Let me give two examples. Firstly, the culture of continuous improvement in performance and operational excellence that we previously established is now beginning to bear fruit, as shown by the very pleasing operational results we recorded over the year.
Secondly, the development of our international trading activities and the distribution operations in our historical markets contributed to the Group achieving better control of the supply chain in order to offer our customers a very high level of service and food safety.
AS WE APPROACH THE PIVOTAL PERIOD IN WHICH QUOTAS WILL BE REMOVED, HOW HAS THE GROUP PREPARED FOR THIS MAJOR MILESTONE?
Thierry Lecomte: We couldn’t prepare for such an important change at short notice. We anticipated it at an early stage, as we gathered our resources over the years, by creating a group of French cooperative growers that now has over 12,000 cooperative members and works on an international scale.
With the end of quotas and the liberalization of the market, the European sugar industry will face new challenges, which may be a threat to the market but could also be a source of opportunity.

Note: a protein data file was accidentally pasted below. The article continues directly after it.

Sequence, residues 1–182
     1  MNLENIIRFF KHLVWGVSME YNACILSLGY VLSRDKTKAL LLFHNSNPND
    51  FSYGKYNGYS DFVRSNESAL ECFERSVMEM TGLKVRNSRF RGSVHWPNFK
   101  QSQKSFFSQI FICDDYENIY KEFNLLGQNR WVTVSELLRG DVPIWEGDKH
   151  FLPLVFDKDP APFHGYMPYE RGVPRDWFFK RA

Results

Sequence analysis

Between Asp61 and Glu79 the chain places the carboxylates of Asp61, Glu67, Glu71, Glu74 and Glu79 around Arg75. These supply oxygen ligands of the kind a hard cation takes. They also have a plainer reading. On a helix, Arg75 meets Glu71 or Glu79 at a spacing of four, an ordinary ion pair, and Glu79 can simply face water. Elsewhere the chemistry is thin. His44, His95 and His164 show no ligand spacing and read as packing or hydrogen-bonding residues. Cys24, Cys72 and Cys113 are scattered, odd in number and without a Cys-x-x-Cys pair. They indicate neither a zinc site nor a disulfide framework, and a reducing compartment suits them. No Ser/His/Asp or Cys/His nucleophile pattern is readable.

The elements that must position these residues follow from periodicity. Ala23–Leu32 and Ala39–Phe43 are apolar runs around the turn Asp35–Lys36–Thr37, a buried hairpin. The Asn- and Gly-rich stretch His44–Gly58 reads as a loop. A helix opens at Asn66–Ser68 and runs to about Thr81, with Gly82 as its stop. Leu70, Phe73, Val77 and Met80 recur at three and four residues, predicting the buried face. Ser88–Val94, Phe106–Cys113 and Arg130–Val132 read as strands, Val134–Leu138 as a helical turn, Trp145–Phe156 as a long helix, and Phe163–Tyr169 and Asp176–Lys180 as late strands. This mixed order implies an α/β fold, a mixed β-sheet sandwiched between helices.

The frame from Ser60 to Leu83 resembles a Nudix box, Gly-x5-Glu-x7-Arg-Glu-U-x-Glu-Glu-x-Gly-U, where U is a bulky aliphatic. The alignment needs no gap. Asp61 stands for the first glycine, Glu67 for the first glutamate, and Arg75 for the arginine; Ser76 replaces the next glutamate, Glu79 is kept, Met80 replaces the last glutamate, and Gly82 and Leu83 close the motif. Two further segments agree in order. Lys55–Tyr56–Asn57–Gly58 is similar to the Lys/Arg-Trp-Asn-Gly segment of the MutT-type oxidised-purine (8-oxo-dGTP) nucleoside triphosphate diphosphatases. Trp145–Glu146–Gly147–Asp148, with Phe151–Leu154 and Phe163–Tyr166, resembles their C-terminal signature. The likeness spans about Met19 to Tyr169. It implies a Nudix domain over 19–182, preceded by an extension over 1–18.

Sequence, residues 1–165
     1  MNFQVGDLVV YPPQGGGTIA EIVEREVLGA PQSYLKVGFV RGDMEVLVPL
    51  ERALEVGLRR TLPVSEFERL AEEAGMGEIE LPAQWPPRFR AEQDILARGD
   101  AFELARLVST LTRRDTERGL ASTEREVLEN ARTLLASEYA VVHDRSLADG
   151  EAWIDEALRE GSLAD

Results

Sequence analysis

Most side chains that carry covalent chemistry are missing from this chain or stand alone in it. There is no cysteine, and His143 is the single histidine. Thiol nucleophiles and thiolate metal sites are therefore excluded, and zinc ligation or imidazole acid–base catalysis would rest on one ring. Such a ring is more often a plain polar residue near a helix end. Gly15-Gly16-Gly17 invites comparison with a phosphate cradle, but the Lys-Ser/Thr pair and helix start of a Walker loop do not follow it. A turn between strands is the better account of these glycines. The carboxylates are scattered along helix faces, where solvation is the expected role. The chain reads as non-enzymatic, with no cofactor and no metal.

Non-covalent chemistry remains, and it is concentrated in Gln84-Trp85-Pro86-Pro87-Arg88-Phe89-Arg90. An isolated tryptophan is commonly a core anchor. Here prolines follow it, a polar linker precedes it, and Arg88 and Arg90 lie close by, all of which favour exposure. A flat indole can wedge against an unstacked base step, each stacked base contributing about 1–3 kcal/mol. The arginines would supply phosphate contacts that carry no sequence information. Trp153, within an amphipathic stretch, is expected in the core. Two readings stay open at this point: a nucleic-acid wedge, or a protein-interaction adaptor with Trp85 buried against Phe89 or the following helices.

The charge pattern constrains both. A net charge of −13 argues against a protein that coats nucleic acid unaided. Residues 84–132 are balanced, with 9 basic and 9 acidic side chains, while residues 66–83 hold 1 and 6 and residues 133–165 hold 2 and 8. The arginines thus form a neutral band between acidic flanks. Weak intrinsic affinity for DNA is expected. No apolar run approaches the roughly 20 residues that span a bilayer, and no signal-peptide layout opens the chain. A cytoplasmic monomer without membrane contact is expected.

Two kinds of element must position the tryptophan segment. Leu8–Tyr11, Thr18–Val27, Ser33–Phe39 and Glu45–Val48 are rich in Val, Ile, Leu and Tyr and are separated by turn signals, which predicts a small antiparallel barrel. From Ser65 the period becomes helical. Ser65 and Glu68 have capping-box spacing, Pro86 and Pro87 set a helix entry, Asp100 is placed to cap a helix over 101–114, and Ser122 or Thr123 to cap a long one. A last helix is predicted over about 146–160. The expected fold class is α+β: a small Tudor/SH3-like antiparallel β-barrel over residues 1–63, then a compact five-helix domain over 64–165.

In a market that will come to show a structural surplus, export issues will take center stage. That is the sense we are getting of how our trading activities have developed since November 2014 through Tereos Commodities. Against this backdrop, the strong positions that we hold internationally, particularly in Brazil, become an asset for a competitive offering around the world. As far as our operations in Europe are concerned, the acquisition of Napier Brown in 2015 allowed us to strengthen our market share in the UK, the number-one export market for French sugar. Through its development in Europe, Tereos has built one of the most efficient distribution networks of the entire continent. This reflects a more volatile environment in sugar beet contracting to ensure we are visible to both our cooperative partners and our customers. In this regard, Tereos may rely on the strong links between the company and its cooperative partners, as well as its successful past experience in out-of-quota sugar beet contracting. Remember that even before the reform, out-of-quota sugar beet already accounted for half of our sugar beet business in France. This is the basis for the new long-term contractual framework put in place this year between Tereos and its cooperative partners for the post-2017 period. Lastly, there are growing issues around competitiveness. In this regard, Tereos can rely on its size and the performance of its sugar beet basins and industrial tools. In total, this should allow the Group to grow its business by 20% in France.